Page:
Keeping You

Farming: The future of farming. 9 action items

23 Jan 2018

The success of the agri-food sector is dependent on individuals across the industry placing consumers at the centre of everything they do, according to the …

2017 KPMG Agribusiness Agenda: The Recipe for Action

Ian Proudfoot, the Global Head of Agribusiness for KPMG, released this report on 7 June 2017 and it is based on contributions from more than 100 agribusiness leaders.

There is plenty of detail to be found in the full report online at The Recipe for Action, but if you are short of time here is a summary:

  1. Maintaining world-class biosecurity remains the highest priority.
  2. Managing consumer relationships – There is an increase in priority attached to provenance branding (where stuff comes from, source or origin). (An example of this is the new single farm organic milk being marketed by Kapiti. Anyone can go online now and see where their milk comes from.)
  3. Also under Managing consumer relationships was an idea of developing a New Zealand integrity mark which would highlight the focus being placed on consumer relationships.
  4. New Zealand’s unique food culture – Nobody goes out for a ‘New Zealand meal’, in fact it is unclear to most New Zealanders and visitors to our country what a New Zealand meal is. While we grow some of the best food in the world, it is used to make other nations’ cuisines, there is an urgent need to strengthen New Zealand’s unique food culture.
  5. High quality trade agreements – Leaders placed greater priority on securing high quality trade agreements, reflecting the shift in the trade environment because of Brexit and the election of President Trump. Industry leaders suggested free trade as we know it will only survive if everybody benefits. If the benefit of trade liberalisation only goes to a few elites, then it won’t succeed in the long term.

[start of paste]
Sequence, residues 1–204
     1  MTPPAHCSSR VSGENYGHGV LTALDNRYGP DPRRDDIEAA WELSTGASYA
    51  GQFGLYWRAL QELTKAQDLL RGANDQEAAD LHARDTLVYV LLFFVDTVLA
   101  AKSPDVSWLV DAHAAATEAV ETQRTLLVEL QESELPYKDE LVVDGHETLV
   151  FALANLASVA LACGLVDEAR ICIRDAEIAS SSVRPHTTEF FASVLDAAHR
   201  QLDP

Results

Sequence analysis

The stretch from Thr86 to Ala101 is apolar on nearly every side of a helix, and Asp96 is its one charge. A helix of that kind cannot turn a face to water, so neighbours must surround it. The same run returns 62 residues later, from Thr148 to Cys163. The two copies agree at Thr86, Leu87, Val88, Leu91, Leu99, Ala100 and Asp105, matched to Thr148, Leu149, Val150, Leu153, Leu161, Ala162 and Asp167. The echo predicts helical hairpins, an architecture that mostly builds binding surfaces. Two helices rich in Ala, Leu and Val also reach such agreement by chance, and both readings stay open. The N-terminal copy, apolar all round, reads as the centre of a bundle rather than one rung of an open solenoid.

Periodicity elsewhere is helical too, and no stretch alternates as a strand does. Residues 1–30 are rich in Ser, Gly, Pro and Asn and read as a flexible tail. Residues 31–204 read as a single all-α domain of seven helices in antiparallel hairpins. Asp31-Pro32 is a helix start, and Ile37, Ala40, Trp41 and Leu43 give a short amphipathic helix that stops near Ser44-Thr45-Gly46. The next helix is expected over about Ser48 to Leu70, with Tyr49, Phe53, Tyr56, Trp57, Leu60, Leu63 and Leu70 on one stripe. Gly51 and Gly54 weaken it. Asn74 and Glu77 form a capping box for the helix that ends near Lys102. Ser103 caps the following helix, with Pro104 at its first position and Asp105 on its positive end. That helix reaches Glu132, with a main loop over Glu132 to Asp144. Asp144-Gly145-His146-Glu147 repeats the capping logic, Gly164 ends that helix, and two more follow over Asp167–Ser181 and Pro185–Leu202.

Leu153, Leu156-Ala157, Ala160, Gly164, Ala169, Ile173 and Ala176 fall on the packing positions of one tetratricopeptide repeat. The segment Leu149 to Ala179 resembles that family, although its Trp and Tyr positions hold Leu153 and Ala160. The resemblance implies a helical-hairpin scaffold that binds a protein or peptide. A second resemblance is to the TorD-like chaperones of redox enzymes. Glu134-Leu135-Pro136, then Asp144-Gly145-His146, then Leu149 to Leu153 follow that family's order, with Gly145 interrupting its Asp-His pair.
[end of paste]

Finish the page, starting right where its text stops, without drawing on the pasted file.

6. Swimmable water – Much discussion related to water and the impact this has on the wider community’s confidence in farmers to protect and restore the environment. The industry uses science to defend its position but this is an emotional issue that cuts to the heart of being a New Zealander. The message was clear: swimmable must mean swimmable and not ‘scientifically swimmable in 2040’. Bold action is needed on water and the environment to preserve the license to operate as food producers.
  7. Alternative proteins – Leaders believe that alternative proteins are set to become a material part of the global diet. Understanding these technologies, their strengths and weaknesses, is critical to protecting our natural protein markets. We ignore these technologies at our peril.
  8. Biotechnologies – The conversation around biotechnologies (e.g. genetic modification) has evolved; it is no longer about whether these technologies will be adopted given the benefits they can deliver, but about the regulatory framework that is needed to manage their application. It is time that New Zealand reviewed its rules so we remain competitive and address each product on its merits.
  9. Leveraging data – Concerns were expressed around how the sector is leveraging data that is being collected, with some leaders suggesting we are moving backwards comparatively to other countries. Individual companies are keeping close control over their data and seeking opportunities to monetise it. However, without collaboration it is unlikely any significant financial benefits will crystallise.”

It turns out that everyone in the food producing chain in New Zealand has a part to play, from checking for biosecurity issues emerging on your farm through to pushing your processors to collaborate with the wider industry on data sharing.

Keep asking great questions …


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